Images, phrases, and characters from books that we read, films we watch, and art and music that we experience and places we visit leave impressions on our minds. Without realising it, each one, is intertwined with another and contributes to shaping our lens on the world. The iconic designer Paula Scher wrote: “We can pick our teachers and we can pick our friends and we can pick the books we read and the music we listen to and the movies we see, etcetera. You are a mashup of what you let into your life.”

In the Introduction of Period Matters: Menstruation in South Asia, I explain the idea of the book, and why I decided it must be genre crossing. Period Matters was published in July 2022, and in December that year I travelled to India to meet some of the writers and artists who had been in my mind’s eye for decades.

While growing up in Kenya in the 1980s, was when I first came across a character menstruating in a novel. I was shocked to see it discussed in a book so openly and also to learn how the character’s experience was so different from my own. In my family, while periods were not openly talked about, I had no restrictions imposed on me. However, there was no language for the experience, no word that was used in our everyday exchanges that described periods. I learnt later how my mother and aunts shared a coded language. They referred to their periods as “Mgeni” which is the Swahil word for visitors. For many years I had no idea who the “invisible monthly guests” were.

It was in Shashi Deshpande’s novel, The Dark Holds No Terrors (1980) set in India where in my teens, I read about the protagonist Saru and how she was banished from participating in the domestic life of her family during her period. For her: “It was just torture. Not just the three days when I couldn’t enter the kitchen or the puja room. Not just the sleeping on a straw mat covered with a thin sheet. Not just the feeling of being a pariah, with my special cup and plate by my side in which I was served from a distance, for my touch was, it seemed, pollution. No, it was something quite different, much worse. A kind of shame that engulfed me.”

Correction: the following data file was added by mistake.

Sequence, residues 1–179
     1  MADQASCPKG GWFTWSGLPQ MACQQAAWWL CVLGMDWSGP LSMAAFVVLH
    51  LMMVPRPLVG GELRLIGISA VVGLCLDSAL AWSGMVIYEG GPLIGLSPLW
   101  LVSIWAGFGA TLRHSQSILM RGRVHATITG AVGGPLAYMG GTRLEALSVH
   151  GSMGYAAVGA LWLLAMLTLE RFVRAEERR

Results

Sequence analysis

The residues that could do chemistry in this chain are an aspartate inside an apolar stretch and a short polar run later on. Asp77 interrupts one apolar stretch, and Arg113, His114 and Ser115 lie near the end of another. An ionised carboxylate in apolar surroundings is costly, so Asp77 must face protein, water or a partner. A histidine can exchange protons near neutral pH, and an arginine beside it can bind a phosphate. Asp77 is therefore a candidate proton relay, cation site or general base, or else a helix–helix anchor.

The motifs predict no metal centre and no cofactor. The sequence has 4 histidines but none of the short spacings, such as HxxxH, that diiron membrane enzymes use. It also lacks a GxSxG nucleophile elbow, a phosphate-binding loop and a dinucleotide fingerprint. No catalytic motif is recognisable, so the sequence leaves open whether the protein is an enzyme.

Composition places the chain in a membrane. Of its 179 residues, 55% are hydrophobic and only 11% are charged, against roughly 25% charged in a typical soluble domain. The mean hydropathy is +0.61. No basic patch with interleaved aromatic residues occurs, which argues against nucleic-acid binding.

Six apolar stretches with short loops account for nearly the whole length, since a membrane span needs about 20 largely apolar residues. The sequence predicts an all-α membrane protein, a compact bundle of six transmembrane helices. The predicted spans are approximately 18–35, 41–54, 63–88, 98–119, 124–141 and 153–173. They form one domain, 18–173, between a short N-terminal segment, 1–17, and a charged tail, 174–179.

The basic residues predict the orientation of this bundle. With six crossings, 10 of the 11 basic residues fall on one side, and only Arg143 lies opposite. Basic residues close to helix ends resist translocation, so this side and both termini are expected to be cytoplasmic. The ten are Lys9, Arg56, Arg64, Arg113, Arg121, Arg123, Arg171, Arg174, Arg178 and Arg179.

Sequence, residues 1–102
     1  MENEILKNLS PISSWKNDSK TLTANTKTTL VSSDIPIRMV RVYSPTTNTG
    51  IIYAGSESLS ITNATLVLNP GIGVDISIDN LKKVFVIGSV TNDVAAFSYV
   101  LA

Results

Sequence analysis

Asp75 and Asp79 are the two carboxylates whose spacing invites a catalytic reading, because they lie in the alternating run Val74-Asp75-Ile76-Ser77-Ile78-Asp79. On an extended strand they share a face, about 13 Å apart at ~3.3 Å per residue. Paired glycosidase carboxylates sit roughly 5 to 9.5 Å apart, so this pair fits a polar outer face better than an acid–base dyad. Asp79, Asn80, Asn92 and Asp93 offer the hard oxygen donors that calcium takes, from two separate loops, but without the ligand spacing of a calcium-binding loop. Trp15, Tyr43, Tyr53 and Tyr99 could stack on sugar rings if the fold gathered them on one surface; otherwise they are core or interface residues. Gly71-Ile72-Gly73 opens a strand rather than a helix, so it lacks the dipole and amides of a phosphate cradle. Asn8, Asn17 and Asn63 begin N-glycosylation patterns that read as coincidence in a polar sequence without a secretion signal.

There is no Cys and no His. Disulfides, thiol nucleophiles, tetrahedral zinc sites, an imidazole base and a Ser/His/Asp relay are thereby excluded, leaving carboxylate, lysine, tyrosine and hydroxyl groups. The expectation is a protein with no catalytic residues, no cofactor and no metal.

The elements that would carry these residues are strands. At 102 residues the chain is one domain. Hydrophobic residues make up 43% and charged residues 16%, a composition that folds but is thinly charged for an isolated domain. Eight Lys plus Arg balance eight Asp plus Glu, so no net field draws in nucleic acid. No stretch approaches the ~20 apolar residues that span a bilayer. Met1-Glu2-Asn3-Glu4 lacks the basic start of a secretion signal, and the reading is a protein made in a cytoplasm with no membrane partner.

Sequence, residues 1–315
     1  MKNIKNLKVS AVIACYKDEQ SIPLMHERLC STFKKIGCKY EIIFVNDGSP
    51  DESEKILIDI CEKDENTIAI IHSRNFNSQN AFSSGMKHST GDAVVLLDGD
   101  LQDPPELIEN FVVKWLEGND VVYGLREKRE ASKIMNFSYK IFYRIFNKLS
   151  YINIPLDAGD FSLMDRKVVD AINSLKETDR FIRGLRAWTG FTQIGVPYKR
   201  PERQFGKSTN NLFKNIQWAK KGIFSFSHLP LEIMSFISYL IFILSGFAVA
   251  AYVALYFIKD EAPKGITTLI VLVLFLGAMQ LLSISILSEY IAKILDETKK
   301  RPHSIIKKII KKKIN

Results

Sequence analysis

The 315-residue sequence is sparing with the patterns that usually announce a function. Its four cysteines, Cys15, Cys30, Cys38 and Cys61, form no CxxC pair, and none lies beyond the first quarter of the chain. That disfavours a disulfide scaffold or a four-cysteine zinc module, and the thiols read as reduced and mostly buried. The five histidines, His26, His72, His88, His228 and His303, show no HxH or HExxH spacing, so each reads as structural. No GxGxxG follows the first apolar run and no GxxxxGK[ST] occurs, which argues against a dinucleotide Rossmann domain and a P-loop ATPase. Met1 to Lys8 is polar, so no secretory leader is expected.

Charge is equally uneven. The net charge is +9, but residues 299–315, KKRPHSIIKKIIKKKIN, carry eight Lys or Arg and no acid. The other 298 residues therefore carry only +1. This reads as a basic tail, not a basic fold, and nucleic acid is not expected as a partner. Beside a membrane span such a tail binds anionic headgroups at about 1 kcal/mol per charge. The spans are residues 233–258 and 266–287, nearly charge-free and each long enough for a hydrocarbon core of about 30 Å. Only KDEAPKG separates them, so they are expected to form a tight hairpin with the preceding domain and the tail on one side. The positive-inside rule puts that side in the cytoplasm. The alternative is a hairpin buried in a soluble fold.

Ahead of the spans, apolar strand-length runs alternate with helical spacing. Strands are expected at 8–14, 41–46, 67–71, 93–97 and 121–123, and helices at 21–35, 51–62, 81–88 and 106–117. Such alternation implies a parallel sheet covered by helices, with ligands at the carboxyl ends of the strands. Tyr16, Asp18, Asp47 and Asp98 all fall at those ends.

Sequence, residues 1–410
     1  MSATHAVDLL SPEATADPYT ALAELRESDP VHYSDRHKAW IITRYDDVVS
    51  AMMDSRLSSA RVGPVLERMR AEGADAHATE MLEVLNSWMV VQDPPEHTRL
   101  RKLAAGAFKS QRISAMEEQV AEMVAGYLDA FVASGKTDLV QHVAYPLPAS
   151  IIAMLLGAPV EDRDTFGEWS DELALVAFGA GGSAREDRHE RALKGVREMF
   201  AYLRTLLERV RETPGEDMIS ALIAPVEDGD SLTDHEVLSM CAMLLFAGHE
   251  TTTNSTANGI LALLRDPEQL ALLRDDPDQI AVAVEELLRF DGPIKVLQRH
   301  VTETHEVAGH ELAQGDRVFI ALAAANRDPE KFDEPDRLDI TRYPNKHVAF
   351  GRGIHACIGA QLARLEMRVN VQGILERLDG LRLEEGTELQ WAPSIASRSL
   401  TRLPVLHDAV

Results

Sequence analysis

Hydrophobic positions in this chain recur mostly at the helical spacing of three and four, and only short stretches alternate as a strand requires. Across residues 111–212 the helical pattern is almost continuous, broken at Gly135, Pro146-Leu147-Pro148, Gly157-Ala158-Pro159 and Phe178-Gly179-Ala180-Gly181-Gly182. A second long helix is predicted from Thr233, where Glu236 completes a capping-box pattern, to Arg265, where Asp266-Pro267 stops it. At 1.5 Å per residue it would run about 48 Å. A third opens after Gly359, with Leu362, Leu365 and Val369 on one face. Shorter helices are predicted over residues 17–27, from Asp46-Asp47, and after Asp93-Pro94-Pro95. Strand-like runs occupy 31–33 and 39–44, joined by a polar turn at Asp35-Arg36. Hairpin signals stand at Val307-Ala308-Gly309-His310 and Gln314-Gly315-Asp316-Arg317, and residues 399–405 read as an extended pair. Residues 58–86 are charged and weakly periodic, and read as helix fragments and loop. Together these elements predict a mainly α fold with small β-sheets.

Saru’s experience left an indelible impression on my young mind. I could not forget how her utensils were kept separate, and her shame. Without realising it, this was my earliest and formative exposure to understanding how periods are experienced differently by each person. 30 years after reading her novel, I finally met Shashi Deshpande.

Chapter one of Period Matters is “Menstruation Matters” by Shashi Deshpande. In her essay she discusses what it was like for her to get her period in the 1940s, the practical reaction of her mother who started sewing pads for her, and her father, who suddenly no longer saw her as a child. She also talks about how women’s bodies and controlling them is inherently political and mentions the recent Sabarimala Temple controversy as an example.

While growing up in Kenya I had friends from all backgrounds. Thanks to them, I was able to visit a gurudwara, a temple, mosques, different churches, and a synagogue. This exposed me to the different ways people tried to connect with something they believed was greater than themselves. As a Muslim woman I had never been barred from entering any of these sacred spaces. So you can imagine my surprise, when during a visit to India in 2019, I was stopped at the entrance of a temple and asked if I was menstruating. Being questioned like that about intimate details about my body by a stranger made me realise how much I had taken for granted growing up in East Africa.

Period Matters shows how menstruators’ experiences are coloured by their contexts, religious rites, and practices. Tashi Zangmo writes about the Buddhist nuns in Bhutan, Ayra Indrias shares the story of the Lahore Christian sweepers, and Siba Bartataki talks about the annual Assamese Ambubasi festival which celebrates the Hindu goddess, Maa Kamakhya on her menstrual cycle.

In the 1990s I read Shashi Tharoor’s satirical novel, The Great Indian Novel. In those days, he often appeared on Kenyan television because of his work in the UN. Years later, during the summer of 2019 when I was thinking about the draft proposal for Period Matters, coincidentally I attended a book event in London where Shashi Tharoor was speaking about his favourite books. Because of the research I was doing related to my book, I’d read about the Sabarimala Temple issue. After the event I approached him with a handwritten note telling him about my book. Five days later I received an email from him.

In Period Matters, Shashi Tharoor discusses his Menstrual Rights Bill which he put forward at the Indian Lokh Sabha. He argues that menstrual dignity is a basic human right and makes a case for menstrual equity.

While visiting Vancouver in 2005, I watched Deepa Mehta’s film Water. The film is about a widowed child bride who resists the practices in a Hindu ashram where she is expected to atone for her fate. The sensitivity with which Lisa Ray portrayed the character stayed with me for a long time, as did what I learnt about religious rites in other contexts.